Skip to Content

Hemolytic Uremic Syndrome


  • Hemolytic (he-mo-LIT-ik) uremic (u-RE-mik) syndrome (SIN-drome), or HUS, is a condition that affects the blood, small blood vessels, and kidneys. An injury to a blood vessel wall normally triggers platelets (blood clotting cells) to start clotting, which stops bleeding. With HUS, there is an uncontrolled clumping of platelets in the injured blood vessel. This decreases the amount of freely moving platelets in the blood and causes narrowing of the blood vessel. Red blood cells going through these narrowed blood vessels are often hemolysed (destroyed). Anemia (decreased red blood cells) and ischemia (decreased blood supply) may then occur. The small blood vessels of the kidneys are most often affected and cause kidney failure.
  • Harmful toxins that injure the blood vessel walls may start the series of events leading to HUS. These toxins often come from bacteria (germs) in food. Many other things may also cause HUS, such as cancer, pregnancy, HIV infection, and anti-rejection drugs used after organ transplant. Blood, urine, and a kidney biopsy are needed to diagnose HUS. Treatment includes intravenous (IV) fluid replacement and plasma exchange. In severe cases of HUS, hemodialysis and a kidney transplant may be needed. Diagnosing and treating HUS as soon as possible is important to prevent further problems, such as renal failure. With treatment, such as medicine and plasma exchange, your symptoms may be relieved and your quality of life may be improved.


Take your medicine as directed:

Call your primary healthcare provider if you think your medicine is not working as expected. Tell him if you are allergic to any medicine. Keep a current list of the medicines, vitamins, and herbs you take. Include the amounts, and when, how, and why you take them. Take the list or the pill bottles to follow-up visits. Carry your medicine list with you in case of an emergency. Throw away old medicine lists.

Ask for information about where and when to go for follow-up visits:

For continuing care, treatments, or home services, ask for more information.


Changing what you eat and drink may be hard at first. You may need to make these changes part of your daily routine. Keep a list in your kitchen of foods that are allowed on your diet. Use special cookbooks to find new recipes. You may need to take vitamin and mineral supplements, such as calcium. Follow your caregiver's advice about drinking liquids. You may need to write down how much liquid you drink and how much you urinate. Ask your caregivers any questions you may have about your diet.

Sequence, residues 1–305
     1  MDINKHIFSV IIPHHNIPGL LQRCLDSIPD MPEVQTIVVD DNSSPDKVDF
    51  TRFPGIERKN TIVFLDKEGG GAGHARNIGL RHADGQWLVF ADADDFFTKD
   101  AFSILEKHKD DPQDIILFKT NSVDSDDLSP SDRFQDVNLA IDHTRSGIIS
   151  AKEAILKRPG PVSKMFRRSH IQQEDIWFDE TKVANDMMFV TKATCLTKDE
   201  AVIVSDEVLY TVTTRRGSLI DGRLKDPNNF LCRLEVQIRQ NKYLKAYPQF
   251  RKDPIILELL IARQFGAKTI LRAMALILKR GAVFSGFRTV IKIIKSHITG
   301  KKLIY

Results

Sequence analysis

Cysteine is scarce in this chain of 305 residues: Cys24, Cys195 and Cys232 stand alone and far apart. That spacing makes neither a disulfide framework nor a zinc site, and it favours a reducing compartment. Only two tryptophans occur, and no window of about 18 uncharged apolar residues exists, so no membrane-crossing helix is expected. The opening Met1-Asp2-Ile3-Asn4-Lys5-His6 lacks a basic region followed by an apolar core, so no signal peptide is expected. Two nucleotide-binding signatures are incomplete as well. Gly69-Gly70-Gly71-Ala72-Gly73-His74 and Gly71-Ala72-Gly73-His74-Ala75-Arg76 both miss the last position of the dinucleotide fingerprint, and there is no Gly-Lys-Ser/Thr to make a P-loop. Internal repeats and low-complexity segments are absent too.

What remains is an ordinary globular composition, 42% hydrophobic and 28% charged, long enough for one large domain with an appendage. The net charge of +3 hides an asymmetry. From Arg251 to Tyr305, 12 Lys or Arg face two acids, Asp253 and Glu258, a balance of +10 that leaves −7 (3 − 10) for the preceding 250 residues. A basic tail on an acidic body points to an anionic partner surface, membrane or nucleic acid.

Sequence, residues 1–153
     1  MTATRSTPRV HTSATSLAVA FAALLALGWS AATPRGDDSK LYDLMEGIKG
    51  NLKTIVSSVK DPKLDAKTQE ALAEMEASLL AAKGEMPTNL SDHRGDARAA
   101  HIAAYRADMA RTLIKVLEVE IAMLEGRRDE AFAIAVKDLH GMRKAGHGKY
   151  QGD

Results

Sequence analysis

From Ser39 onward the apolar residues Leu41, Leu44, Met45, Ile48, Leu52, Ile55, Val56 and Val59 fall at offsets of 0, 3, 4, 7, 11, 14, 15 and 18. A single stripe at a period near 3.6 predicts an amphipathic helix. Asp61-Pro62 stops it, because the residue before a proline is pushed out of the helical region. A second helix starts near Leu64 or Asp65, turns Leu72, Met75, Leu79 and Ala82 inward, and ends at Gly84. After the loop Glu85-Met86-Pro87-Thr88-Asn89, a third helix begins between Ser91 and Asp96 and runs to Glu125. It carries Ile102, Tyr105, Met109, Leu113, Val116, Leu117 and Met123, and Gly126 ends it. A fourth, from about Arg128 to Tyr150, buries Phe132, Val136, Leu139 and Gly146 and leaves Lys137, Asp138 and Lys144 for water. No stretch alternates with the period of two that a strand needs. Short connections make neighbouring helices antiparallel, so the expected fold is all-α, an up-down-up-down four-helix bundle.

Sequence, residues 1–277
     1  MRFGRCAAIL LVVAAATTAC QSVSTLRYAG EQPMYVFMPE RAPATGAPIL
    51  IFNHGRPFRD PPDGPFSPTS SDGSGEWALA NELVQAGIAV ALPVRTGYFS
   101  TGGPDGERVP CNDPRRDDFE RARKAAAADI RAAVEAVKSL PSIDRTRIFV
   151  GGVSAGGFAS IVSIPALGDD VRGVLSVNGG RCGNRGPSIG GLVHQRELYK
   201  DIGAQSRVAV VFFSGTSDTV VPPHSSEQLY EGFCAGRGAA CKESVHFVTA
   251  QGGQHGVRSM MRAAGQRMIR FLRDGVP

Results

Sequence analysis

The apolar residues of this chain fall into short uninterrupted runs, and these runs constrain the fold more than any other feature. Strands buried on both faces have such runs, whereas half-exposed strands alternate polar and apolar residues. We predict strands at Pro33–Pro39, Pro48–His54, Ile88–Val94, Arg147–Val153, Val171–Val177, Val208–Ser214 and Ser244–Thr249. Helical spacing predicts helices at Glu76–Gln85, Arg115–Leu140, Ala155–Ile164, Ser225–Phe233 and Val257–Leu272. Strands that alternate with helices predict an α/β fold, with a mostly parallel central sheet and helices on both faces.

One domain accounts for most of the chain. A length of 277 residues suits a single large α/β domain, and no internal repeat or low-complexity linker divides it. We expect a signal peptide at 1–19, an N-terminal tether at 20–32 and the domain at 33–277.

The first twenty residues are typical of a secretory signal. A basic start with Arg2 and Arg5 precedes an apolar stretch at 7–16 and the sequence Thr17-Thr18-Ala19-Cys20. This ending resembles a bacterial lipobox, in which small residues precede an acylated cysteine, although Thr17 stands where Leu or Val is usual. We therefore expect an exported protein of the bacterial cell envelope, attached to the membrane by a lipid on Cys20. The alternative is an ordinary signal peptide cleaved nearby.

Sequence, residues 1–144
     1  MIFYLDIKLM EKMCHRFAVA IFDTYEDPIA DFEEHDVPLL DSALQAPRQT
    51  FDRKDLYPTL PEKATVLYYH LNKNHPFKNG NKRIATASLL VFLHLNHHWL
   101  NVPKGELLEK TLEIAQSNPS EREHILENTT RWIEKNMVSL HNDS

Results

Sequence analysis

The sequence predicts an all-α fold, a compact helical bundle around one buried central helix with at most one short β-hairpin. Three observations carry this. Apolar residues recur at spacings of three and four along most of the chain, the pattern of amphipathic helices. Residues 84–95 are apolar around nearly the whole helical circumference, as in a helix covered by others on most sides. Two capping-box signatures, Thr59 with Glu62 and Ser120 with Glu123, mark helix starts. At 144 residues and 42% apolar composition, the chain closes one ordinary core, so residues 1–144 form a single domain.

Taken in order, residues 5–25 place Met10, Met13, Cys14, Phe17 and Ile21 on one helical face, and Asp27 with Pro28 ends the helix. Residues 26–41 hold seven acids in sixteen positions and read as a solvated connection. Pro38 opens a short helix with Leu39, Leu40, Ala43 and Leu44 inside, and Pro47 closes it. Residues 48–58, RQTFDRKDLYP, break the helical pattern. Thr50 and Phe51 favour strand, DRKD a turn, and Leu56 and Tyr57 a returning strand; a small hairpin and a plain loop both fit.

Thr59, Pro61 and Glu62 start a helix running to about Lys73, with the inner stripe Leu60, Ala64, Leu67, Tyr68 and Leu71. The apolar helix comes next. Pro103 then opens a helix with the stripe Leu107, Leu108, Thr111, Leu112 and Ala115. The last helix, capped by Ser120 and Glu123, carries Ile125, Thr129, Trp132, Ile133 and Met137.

• Protein: You will need to limit the amount of protein in your diet. This will help decrease the waste in your blood, which may help your kidneys to work better. Foods high in protein are meat, poultry (chicken), fish, eggs, and dairy products (milk, cheese, and yogurt). Your caregiver will tell you how much protein to eat each day.
  • Phosphorus: You will also need to limit the amount of phosphorus in your diet. With kidney failure, your kidneys cannot get rid of the extra phosphorus that builds up in your blood. Extra phosphorous in your blood may cause calcium to leave your bones and make them weak. Foods that are high in phosphorus are dairy products, beans, peas, and nuts. Phosphorous is also found in liquids, such as cocoa, beer, and cola drinks. Your caregiver will tell you how much phosphorus you should have in your diet each day.
  • Sodium: You may have to limit the amount of sodium (salt) in your diet. Caregivers will tell you how much sodium you should have each day. Table salt, canned foods, processed meats like sandwich meats and sausage, canned soups, and salted snacks are high in sodium.
  • Potassium: If you have too much potassium in your blood, you may need to limit foods containing potassium. Potassium is found in fruits and vegetables.

Preventing food-borne diseases:

  • Wash your hands often. Encourage everyone in your house to wash their hands with soap and water:
    • Before and after handling food.
    • After using the bathroom.
    • After changing a diaper.
    • After tending to a sick person.
    • After blowing their nose, coughing, or sneezing.
    • After handling pets.
  • Clean surfaces and utensils used to prepare food. Clean surfaces before and after preparing food. Wash cutting boards and utensils after each use and before preparing the next food.
  • Cook food thoroughly at the right temperature. Food is safely cooked when it reaches a temperature high enough to kill bacteria. Ask caregivers for more information on cooking food safely.
  • Refrigerate food as soon as possible. Do not forget to store left over food promptly.


  • You have a fever.
  • You have bleeding from your gums, lips, or nose.
  • You have dark-colored stools or blood in your stools.
  • You have blood in your urine.
  • You have questions about hemolytic uremic syndrome and its treatments.


  • You are urinating less than usual or not at all.
  • You have diarrhea and vomiting (throwing up).
  • You have severe abdominal (stomach) pain.
  • You have a severe headache, trouble thinking, and are confused.
  • You have trouble seeing.

The above information is an educational aid only. It is not intended as medical advice for individual conditions or treatments. Talk to your doctor, nurse or pharmacist before following any medical regimen to see if it is safe and effective for you.

Further information

Always consult your healthcare provider to ensure the information displayed on this page applies to your personal circumstances.

Learn more about Hemolytic Uremic Syndrome (Aftercare Instructions)

Associated drugs

Micromedex® Care Notes